#RedBarn #Akron #Ohio #ThePast #GoodFood #GoodTimes!

@patjarrett breakfast challenge accepted: leftover potatoes, scrambled egg with chopped green onion and goat cheese… plus artfully deployed ketchup #instafood #instabreakfast #instaduel




I remember all the Doctor Who fanfics I used to read where Rose often got badly stereotyped as a damsel in distress whom the Doctor had to swoop in and save and smooch but the way I remember Doctor Who 90% of their relationship was the Doctor just setting Rose loose on people who had done something to offend them and sitting back giggling in the corner as she shouted




setting Rose loose

Accuracy: 100%

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best. rant. ever.

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<3 Emmylou

Also: ACL is still on the air? <3 PBS.

From scratch cream of spinach soup and French style croutons #instafood #spinachinallthethings



Holy shit my Aunt is WASTED


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Beekeeper Bungalow // plans are “free” as of 2014.09.02 


"We are The Black Keys from Akron, Ohio"


Part of a modern art installation entitled “Things are looking up”.
Follow on Twitter @BadRealtyPhotos


Part of a modern art installation entitled “Things are looking up”.

Follow on Twitter @BadRealtyPhotos


the fact that there have no leaked nudes in my dashboard proves that i’m following the right people

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Boro: The Beauty of Thrift

I’ve become really interested in other forms of textiles lately. Lots of stuff such as Middle Eastern rugs, Navajo weavings, American quilts, and Japanese boro. Boro comes out of Japan’s countrysides, where cloth used to be very precious and valuable. Since disposing things wasn’t an option, the wives of farmers and fishermen would patch and mend bags, blankets, futon covers, clothes, and even diapers. As a result, you get these beautiful objects with hundreds of shades of indigo, often pieced together with a type of rough running stitch known as sashiko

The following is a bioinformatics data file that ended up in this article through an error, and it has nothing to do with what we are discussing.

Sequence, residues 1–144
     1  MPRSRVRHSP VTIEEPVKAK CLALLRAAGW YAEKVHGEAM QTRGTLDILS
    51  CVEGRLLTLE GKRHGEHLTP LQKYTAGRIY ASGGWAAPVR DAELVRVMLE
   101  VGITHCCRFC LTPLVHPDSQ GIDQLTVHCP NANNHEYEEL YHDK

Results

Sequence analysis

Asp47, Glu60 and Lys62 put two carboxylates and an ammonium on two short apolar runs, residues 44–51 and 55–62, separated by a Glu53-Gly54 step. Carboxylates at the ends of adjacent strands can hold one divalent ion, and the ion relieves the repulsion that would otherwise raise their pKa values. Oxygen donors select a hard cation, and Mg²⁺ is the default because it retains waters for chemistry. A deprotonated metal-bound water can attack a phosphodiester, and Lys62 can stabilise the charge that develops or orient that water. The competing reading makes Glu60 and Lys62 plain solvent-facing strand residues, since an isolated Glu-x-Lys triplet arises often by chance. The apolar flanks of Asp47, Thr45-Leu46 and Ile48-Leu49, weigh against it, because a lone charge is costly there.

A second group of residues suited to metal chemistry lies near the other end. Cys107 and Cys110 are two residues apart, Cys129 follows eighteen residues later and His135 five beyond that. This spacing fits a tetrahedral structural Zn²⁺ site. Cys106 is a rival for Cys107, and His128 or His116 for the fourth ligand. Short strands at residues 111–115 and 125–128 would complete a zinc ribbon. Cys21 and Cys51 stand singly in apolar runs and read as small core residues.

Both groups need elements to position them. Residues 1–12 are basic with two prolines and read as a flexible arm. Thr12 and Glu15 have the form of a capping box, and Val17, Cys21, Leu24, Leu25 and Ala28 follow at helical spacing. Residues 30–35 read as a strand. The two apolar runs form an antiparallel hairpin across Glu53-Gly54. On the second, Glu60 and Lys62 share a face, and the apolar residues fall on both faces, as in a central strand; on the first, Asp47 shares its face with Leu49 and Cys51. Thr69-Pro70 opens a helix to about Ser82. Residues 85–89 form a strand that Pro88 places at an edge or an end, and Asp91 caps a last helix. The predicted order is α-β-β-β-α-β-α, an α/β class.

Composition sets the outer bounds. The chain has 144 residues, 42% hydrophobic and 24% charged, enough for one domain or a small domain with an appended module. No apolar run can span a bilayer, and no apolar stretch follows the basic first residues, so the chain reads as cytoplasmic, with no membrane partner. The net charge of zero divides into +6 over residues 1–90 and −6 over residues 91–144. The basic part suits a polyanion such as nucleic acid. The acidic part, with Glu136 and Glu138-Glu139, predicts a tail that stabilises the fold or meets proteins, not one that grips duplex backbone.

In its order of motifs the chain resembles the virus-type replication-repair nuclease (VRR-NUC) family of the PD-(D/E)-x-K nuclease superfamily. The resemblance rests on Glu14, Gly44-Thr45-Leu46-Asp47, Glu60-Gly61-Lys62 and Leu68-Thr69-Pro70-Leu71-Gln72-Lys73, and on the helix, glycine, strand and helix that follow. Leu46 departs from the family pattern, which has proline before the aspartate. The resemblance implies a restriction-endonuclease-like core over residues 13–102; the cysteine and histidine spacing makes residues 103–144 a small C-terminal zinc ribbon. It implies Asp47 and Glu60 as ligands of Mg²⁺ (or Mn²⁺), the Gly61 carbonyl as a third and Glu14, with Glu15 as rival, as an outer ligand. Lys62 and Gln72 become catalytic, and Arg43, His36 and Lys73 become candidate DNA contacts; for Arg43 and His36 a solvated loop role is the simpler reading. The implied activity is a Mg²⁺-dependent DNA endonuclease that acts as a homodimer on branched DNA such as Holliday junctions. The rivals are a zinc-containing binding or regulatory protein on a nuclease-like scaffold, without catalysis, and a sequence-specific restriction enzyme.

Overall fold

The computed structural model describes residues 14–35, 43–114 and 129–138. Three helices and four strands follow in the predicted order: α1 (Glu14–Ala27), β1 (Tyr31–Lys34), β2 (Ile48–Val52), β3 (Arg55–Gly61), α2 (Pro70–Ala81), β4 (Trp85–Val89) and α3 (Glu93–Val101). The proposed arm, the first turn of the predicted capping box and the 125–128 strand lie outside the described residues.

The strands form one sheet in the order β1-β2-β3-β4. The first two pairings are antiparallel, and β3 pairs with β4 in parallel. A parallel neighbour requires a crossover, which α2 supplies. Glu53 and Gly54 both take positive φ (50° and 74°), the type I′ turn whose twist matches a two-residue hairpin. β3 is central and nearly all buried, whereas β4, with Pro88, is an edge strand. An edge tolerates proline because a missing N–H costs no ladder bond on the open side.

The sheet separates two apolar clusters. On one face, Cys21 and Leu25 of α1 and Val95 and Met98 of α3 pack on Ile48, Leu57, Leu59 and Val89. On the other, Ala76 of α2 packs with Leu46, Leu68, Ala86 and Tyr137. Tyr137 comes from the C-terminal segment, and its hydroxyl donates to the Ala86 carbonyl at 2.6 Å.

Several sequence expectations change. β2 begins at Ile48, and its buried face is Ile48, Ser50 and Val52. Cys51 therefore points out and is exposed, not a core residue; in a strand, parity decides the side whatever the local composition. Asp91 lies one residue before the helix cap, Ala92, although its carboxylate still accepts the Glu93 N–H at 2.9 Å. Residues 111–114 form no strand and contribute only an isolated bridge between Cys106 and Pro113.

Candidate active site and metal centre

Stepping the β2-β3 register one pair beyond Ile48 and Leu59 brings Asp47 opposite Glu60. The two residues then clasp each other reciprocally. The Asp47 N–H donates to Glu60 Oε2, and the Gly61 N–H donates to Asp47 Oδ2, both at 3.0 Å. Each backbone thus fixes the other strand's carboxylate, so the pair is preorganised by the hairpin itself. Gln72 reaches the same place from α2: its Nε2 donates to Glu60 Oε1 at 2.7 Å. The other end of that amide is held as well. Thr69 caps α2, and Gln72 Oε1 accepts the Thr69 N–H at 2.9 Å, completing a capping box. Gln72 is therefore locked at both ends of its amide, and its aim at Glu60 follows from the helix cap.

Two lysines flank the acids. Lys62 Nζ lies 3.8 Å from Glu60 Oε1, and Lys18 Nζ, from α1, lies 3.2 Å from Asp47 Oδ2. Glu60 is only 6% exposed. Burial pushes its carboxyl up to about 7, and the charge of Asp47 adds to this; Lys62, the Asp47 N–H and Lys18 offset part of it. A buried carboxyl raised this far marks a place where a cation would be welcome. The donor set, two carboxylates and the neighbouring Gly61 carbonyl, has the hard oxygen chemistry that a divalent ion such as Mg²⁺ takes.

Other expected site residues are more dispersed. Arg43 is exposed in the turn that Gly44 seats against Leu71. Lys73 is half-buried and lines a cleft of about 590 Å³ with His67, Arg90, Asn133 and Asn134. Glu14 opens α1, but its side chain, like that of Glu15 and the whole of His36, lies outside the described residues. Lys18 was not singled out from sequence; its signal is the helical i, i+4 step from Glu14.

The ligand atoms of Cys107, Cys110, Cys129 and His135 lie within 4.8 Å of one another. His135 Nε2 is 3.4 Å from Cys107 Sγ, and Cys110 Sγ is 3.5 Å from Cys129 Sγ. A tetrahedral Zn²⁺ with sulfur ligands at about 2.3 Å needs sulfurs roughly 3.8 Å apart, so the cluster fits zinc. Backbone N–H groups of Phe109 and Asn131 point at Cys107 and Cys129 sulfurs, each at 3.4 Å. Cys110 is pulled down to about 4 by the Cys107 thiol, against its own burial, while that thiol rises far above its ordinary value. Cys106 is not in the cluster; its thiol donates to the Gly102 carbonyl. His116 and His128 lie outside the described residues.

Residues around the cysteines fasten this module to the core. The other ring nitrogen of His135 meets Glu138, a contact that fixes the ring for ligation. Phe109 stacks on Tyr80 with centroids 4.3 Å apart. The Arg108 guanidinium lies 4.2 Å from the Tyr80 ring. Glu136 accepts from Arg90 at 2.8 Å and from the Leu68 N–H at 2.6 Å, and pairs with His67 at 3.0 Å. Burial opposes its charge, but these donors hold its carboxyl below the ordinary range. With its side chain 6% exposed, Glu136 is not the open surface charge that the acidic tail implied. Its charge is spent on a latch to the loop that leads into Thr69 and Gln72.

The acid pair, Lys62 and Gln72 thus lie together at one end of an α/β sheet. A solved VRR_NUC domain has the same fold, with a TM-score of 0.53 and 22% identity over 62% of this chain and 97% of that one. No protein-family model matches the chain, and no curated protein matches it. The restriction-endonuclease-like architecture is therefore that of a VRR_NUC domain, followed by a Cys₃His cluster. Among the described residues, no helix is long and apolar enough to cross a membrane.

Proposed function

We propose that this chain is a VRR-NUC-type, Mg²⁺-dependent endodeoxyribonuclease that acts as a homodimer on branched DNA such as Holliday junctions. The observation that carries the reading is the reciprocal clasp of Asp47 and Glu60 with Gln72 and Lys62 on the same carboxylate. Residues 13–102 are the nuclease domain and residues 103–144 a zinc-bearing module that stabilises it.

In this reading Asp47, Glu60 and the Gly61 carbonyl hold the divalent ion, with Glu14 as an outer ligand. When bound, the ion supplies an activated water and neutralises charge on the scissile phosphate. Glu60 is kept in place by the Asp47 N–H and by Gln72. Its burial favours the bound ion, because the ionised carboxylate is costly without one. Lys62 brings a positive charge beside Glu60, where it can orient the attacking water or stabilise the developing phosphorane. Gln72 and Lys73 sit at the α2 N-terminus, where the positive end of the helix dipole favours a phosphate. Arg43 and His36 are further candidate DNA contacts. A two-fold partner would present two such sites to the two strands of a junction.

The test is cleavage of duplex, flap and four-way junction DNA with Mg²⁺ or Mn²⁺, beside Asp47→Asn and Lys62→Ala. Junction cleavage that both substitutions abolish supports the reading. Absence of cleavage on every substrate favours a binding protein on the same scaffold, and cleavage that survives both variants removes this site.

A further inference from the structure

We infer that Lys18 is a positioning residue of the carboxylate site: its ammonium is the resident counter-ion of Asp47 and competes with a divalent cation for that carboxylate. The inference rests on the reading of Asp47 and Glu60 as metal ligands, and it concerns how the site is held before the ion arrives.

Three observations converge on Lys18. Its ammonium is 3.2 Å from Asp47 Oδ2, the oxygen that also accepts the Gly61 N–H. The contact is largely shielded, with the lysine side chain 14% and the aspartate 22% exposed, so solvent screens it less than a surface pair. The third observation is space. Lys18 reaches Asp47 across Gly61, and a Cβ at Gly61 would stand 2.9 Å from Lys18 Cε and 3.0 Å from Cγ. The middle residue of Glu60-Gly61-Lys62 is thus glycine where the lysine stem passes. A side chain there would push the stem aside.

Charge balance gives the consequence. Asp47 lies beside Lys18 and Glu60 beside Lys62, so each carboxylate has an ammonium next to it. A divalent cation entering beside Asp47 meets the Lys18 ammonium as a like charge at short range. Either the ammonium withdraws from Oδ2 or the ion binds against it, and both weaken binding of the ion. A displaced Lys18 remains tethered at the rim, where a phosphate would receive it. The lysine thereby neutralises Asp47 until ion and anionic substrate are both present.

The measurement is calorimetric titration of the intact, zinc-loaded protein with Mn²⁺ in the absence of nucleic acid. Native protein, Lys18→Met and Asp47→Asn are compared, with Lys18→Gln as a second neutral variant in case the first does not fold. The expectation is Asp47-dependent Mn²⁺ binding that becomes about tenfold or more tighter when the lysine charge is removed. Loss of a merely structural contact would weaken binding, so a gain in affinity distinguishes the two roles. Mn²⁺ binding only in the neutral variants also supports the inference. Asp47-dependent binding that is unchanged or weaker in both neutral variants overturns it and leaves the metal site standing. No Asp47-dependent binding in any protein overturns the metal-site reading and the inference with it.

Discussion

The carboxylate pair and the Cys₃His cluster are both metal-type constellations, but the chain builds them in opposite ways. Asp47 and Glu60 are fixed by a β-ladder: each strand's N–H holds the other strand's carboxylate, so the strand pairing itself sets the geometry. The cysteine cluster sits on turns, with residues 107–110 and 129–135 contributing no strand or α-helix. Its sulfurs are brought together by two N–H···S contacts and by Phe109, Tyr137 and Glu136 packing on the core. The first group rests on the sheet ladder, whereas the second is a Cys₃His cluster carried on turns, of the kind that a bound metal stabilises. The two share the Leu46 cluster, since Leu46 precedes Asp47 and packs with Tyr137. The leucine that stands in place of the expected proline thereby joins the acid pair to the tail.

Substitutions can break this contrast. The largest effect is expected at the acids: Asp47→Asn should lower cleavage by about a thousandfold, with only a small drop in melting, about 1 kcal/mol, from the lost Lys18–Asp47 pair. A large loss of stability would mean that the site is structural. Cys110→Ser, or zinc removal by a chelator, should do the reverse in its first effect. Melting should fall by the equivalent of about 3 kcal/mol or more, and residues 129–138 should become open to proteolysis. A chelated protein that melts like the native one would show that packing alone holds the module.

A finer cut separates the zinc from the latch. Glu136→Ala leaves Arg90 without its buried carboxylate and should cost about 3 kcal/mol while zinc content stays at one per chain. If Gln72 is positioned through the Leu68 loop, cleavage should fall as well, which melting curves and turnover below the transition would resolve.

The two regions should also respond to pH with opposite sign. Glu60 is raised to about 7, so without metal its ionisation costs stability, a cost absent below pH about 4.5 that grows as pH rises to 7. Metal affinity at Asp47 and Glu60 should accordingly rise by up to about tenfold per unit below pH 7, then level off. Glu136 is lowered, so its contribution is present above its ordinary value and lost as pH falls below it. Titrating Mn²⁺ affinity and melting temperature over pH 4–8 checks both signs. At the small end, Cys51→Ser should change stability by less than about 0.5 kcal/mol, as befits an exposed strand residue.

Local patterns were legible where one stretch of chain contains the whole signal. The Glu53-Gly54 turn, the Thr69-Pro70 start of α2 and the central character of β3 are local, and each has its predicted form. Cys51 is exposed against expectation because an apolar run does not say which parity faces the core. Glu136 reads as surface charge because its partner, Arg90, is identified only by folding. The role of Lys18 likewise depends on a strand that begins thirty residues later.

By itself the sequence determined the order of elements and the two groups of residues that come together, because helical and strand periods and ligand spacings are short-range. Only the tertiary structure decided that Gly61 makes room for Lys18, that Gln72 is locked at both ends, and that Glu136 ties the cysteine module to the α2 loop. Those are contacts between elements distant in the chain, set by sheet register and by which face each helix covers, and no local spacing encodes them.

Boro used to be a source of embarrassment for many families, because of its association with poverty, but in more recent times, they’ve become collectors items. If you’re in NYC, you can check some out at Shibui (at least until they move locations in a few weeks) as well as Sri Threads. The second is an appointment-only gallery run by Stephen Szczepanek. You can read an article about him at the New York Times, and check out his wonderful blog, where he posts about the things he’s found in Japan. It’s hard for me to pick a favorite entry, but this one would be a contender. Notice that the stitching forms an interesting geometric pattern across the whole garment. As Stephen writes, those shapes represent masu — a type of wooden box used to measure rice during Japan’s feudal period. 

The price of boro can really range. Sometimes you can find them on eBay for $150-300, but the designs tend to be somewhat simple. Nicer pieces can be found at galleries and speciality auction houses, but in the thousands of dollars. I’m hoping to find a nice, but affordable, piece in the next year, and using it to line the inside of a black leather moto jacket. Fingers crossed. 

(Photos via Sri Threads’ blog)